“The essence of good and evil is a certain disposition of the mind.”
“To those in that section near the river where the poor lived, that section where the bad-ass bars and the honkey-tonks and the cat-houses huddled, to the people in that part of town they called the Bottom, and to many others all over town that were poor and powerless, he was revered. He stood up for them.
To the proper folk of the city, though, he was Lucifer unleashed. He was the King of Craw and they wanted him gone.”
Set in the Roaring Twenties in Kentucky’s Capital City, the story spins around John Fallis, a legendary figure in Bluegrass folklore, and two boys who fall into his orbit.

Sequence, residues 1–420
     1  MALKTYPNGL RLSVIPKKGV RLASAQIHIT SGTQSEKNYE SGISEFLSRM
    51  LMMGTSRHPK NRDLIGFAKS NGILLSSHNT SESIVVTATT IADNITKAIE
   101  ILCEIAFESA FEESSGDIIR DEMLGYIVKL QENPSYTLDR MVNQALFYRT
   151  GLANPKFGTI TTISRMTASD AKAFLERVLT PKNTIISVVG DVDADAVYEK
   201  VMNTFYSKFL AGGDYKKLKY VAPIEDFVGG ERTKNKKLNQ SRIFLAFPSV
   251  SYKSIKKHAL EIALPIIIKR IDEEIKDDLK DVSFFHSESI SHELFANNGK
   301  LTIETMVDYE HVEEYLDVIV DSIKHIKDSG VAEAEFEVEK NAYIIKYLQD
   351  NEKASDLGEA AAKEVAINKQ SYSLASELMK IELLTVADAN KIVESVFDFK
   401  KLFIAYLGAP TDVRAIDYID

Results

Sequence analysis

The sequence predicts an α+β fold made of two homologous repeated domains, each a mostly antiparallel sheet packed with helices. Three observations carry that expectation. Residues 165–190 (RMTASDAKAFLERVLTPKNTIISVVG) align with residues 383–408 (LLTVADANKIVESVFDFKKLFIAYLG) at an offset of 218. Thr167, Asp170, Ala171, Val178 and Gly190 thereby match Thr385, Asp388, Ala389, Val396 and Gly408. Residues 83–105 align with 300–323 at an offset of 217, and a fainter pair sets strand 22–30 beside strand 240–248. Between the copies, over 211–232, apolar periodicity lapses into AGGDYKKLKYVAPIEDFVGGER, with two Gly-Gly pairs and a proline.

A successful businessman, a gambler, a bootlegger, movie-star handsome, charismatically compelling, and deferential to no one, he was the champion of the common man and the scourge of the Powers That Be.
He was the King of Craw.
The story begins just before the night of the Big Shoot-Out when he takes on the entire city police force and sets his fabled reputation in stone. But the way he died remains a mystery to this day. Did the powerful forces in the city have him killed or was it the gambling fight it was purported to be?
Though this is a story and not a history, most of it happened. John Fallis, Craw, Crawfish Bottom are names that still resonate and questions about his early end are still unanswered.
This is the first piece of fiction built around the man and the place, full of action and drama, most particularly for readers drawn to mystery and the on-going battle between good and evil.
Whatever you ultimately decide about JF’s place on the scale of good and bad or the particulars of his death, you won’t be bored.
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